# Physics Class get_force(mass, acceleration)

Hi All,

I am working on Python 3 - Physics class project.

Step 11 states:

Define a final function called `get_work` that takes in `mass` , `acceleration` , and `distance` .

Work is defined as force multiplied by distance. First, get the `force` using `get_force` , then multiply that by `distance` . Return the result.

I have attached a screen shot with 2 options:

Why does number 1 not work?
force = get_force * distance

The video tutorial states it must be:

force = get_force(mass, acceleration)
return force * distance

My question is - why does get_force need the (mass, acceleration) brackets and why cant it just be multiplied in one row?

Thanks,
Darren get_force is a function. Calling a function requires parentheses.

You could indeed squash everything in one function:

``````def get_work(mass, acceleration, distance):
return mass*acceleration * distance
``````

Not ideal, but possible.

1 Like

My question pertains to this -force=get_force(mass, acceleration)

Does get_force not store mass * acceleration already from earlier on? Why do I have to re-iterate it.

Thanks,

can i see your full code and can you highlight the lines your question pertains to?

If i had to guess, i would say you have a function call somewhere which calls get_force. Which is fine.

But the get_work function calculates everything in one go, using get_force as helper function. Which is separate of any earlier function calls you made.

1 Like

Thank you.

``````def f_to_c(f_temp):
return (f_temp - 32) * 5/9

f100_in_celsius = f_to_c(100)
print(f100_in_celsius)

def c_to_f(c_temp):
return (c_temp * (9/5) + 32)

c0_in_fahrenheit = c_to_f(0)
print(c0_in_fahrenheit)

train_mass = 22680
train_acceleration = 10
train_distance = 100

bomb_mass = 1

def get_force(mass, acceleration):
return mass * acceleration

train_force = get_force(train_mass, train_acceleration)

print(train_force)
print("The GE train supplies " + str(train_force) + " Newtons of force.")

def get_energy(mass, c=3*10**8):
return mass * c**2

bomb_energy = get_energy(bomb_mass)

print("A 1kg bomb supplies " + str(bomb_energy) + " Joules.")

def get_work(mass, acceleration, distance):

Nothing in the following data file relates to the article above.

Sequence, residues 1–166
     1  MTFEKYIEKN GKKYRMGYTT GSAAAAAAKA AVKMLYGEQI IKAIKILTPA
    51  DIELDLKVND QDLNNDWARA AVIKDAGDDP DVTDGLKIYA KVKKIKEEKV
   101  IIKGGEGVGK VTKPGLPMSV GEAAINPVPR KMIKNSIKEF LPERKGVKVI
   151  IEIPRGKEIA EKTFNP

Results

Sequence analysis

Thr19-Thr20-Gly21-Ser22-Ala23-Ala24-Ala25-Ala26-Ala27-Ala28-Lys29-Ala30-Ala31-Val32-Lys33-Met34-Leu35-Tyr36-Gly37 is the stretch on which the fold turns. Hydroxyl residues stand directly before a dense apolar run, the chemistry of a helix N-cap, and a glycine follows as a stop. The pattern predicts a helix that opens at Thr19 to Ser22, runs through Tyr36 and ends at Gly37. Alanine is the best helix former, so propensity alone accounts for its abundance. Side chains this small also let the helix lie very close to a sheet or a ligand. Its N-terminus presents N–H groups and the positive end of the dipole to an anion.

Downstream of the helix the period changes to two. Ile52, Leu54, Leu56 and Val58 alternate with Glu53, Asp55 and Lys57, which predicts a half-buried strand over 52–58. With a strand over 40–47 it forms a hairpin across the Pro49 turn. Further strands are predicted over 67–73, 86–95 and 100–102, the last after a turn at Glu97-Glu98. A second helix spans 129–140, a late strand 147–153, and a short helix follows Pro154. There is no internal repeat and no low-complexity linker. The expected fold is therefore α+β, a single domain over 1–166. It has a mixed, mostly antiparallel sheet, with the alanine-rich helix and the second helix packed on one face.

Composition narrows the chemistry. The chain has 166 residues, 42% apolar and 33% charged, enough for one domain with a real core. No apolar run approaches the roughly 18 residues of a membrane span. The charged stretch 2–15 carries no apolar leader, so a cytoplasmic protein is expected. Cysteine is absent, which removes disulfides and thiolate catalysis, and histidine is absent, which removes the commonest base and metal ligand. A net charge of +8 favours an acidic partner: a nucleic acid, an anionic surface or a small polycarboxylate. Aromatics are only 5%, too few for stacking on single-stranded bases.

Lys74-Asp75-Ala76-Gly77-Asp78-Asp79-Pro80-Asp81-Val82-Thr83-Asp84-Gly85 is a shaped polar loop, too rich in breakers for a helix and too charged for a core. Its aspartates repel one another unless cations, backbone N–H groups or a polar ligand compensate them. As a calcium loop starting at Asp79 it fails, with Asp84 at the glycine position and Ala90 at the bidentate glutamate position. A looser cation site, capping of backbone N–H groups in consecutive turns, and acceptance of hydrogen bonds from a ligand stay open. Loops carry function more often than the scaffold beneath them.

force = get_force(mass, acceleration)
return force * distance

train_work = get_work(train_mass,train_acceleration, train_distance)

print("The GE train does " + str(train_work) + " Joules of work over " + str(train_distance) + " meters.")
``````

if you want to use `train_force`, you would have to make your `get_work` function in such a way that it can handle different parameter amount:

``````def get_work(distance, *args):
if len(args) == 1:
return distance * args
return distance * get_force(args, args)
``````

or something like that.

Thanks for the response, but Im not sure you understand my question - or probably I dont understand your answer as Im new to this.

Please could you read my question at the top of the page - it is from Python 3 (physics class) step 11.
Where it states:

Define a final function called `get_work` that takes in `mass` , `acceleration` , and `distance` .

Work is defined as force multiplied by distance. First, get the `force` using `get_force` , then multiply that by `distance` . Return the result.

In line two of my screenshot I tried typing get_force * distance

BUT watched a tutorial on this project and saw that I needed to type

force = getforce(mass, acceleration)
return force * distance

I wondered why get_force was not remembering from earlier on that it had already calculated mass * acceleration (under bomb_mass if you scroll up in my code)

Im just wanting to understand this… Maybe its not important

Thank you.

A function can be executed multiple times, so the only “remembering” that is happening is the result you store in the variable.

Which is why, if you want to use the result from earlier, you will have to tweak the function like i showed you (with args). I was already several steps ahead it seems

Discard the notion of anything remembering or doing what you want.

Things have specific behaviour which you can leverage to get what you want. If you expect something, then you better have some code which makes that happen.

`get_force` is a function.
`distance` is a number
You’re saying “multiply this function by this number”
that doesn’t much make sense. this is not going to do what you want, it’s going to do what you said.

So, if you mean to call that function, then, how do you call a function? Do that, that’s the thing it promises to do, that’s what you can leverage to get what you want.

Thank you for the assistance

Makes sense thank you

to response for your first problem,
in line 38, force = get_force * distance
get_force is a function so pair of parenthesis “()” is required with the function calling.
and also that it seems that your function get_force has 2 parameters so you have to put those inside parenthesis also.

1 Like

Thank you makes sense